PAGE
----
Star of the Season:<p/> Ken Manuel
By Tina Firesheets | Photos by Scott Muthersbaugh/Perfecta Visuals
Get to know Ken Manuel (aka, the "Star Man" of Winston-Salem), who handcrafts hundreds of Moravian stars for the holidays.
The beauty behind a perfectly constructed Moravian star is a bit of a math lesson. Geometry, to be exact. Its origins have been traced to a geometry lesson at a German Moravian Boys’ School in the 1830s. Today the stars appear on front porches, in homes, and elsewhere throughout Winston-Salem, signaling the holiday season.
For many, Moravian Stars make a grand appearance during the holidays, then retreat — stored away with the rest of the decorations — for the remainder of the year. But for Ken Manuel, the Moravian star is a yearlong pursuit that peaks in November and December. It’s right now — his “Super Bowl season.”
Manuel handcrafts between 1,000-1,500 Moravian stars annually, most of which are sold at Old Salem Museum & Gardens. He also sells them at holiday craft shows and locally-owned retail shops. He’s a kind man with gentle eyes and a warm voice that attracts visitors to his table at the Moravian Book & Gift Shop in Old Salem, where he also gives demonstrations.
Manuel has been drawn to Moravian stars since he was a boy, he says — in part because his great-grandmother was Moravian. (NOTE: Moravians are a small protestant religious group that originated in modern-day Czech Republic and settled locally in the mid-1600s. In addition to founding Salem, they founded dozens of churches in and around Winston-Salem, many of which are going strong today.)
“My great-grandmother was a lifelong Moravian, and that’s where I was introduced to the Moravian star and was enthralled with it from the get-go,” he says. “It’s a thing of beauty.”
The Point of it All
If you deconstruct a Moravian star, it comes down to 26 points — 18 squares and eight triangles. And all of those points must be consistent. Manuel takes pride in his points.
“All the edges are real sharp and crisp,” he says. “The secret to a good-looking star is your points.”
He’s got the process down to a science. He makes each one by hand, mostly in his basement workshop that he calls his “man cave.” In recent years he developed a machine to cut the points and adapted other tools to mass produce the stars with precision.
People often ask how long it takes to make one star. It’s hard to calculate, he says, because he’s broken down the process and doesn’t make them individually from start to finish.
Some people find the process too tedious and exacting, he says, but he finds it relaxing. He can fold the points while watching a western movie or detective show on TV, with a board stretched across his recliner and one of his cats resting at his feet.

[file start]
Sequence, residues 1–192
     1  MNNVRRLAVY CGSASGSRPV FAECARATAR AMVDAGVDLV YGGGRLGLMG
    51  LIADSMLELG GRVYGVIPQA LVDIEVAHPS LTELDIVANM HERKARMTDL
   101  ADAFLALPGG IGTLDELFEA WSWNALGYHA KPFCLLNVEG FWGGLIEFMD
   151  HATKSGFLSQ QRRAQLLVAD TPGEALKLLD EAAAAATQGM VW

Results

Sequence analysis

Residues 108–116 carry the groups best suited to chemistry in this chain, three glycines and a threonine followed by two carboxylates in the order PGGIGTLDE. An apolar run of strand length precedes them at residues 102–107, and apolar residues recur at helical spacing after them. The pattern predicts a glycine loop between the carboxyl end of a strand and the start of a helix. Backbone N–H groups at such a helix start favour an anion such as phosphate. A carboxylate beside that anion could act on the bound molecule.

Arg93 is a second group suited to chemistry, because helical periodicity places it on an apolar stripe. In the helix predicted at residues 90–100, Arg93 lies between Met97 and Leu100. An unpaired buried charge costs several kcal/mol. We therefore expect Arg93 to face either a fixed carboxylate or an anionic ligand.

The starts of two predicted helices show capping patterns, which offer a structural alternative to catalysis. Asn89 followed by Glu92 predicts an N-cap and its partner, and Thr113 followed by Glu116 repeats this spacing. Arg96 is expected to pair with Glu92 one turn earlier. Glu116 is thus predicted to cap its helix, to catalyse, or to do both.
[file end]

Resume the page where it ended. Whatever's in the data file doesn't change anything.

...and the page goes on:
The Making of the 'Star Man’
Manuel may have given himself the title “Master Star-Maker,” but it’s a designation Old Salem fully endorses. The living history museum is where you can find all things Moravian and by-far his top client. Before he became “the star man,” Manuel worked for the Alcoholic Beverage Control (ABC) Commission in Winston-Salem for 30 years. His retail sales job didn’t require fine motor skills, but Manuel always had a knack for constructing things. His grandfather was a master carpenter. Manuel took wood and metal shop classes in high school and studied drafting and design at Forsyth Tech Community College.
Upon retirement in 2003, he found himself searching for something to do. He took a Moravian star-making class on a whim and has been making them ever since.
His hobby evolved into a full-time job over the past decade. In the weeks leading up to Christmas, he regularly works past midnight. He may take a couple of weeks off after Christmas but returns to the workshop in January to rebuild his inventory.
“If I don’t continually make them, I can get behind. Then I have to be rushed, and I don’t like to be rushed,” he says. “But I enjoy it. If I didn’t enjoy it, I wouldn’t do it.”
And it’s not just the process of putting together the stars he loves. It’s the idea that he’s continuing a local legacy that started long ago. “Moravians have been making stars like this since the 1850s,” he says. “The stars connect us to our city’s past. I’m just carrying on the tradition.”
[caption id="attachment_7924" align="alignnone" width="900"] Stars made by Ken Manuel are for sale at Old Salem retail shops.[/caption]
GOOD TO KNOW: You can find Ken Manuel's stars for sale in Old Salem retail shops, including the Moravian Book & Gift Shop as well as Old Salem’s website.
BONUS POINTS: Three Things You Probably Didn’t Know About Moravian Stars
- Traditional Moravian stars have 26 points, yet some go well beyond the 26-point limit. In Winston-Salem, the pointiest star we know of is on display during Home Moravian’s annual Candle Tea — a 110-point masterpiece made by Max Brady of Greensboro.
- Moravians didn’t bring the stars with them when they settled here in the 1760s, contrary to common belief. The stars originally appeared in Germany, where they were used to teach geometry lessons in the Moravian Boys School, eventually making their way to Salem in the mid-1800s.
- The city of Winston-Salem has used Moravian stars in its downtown decorations since 1959. The stars are found inside wreaths along downtown’s main thoroughfares, creating a uniquely festive streetscape that can’t be found anywhere else in America.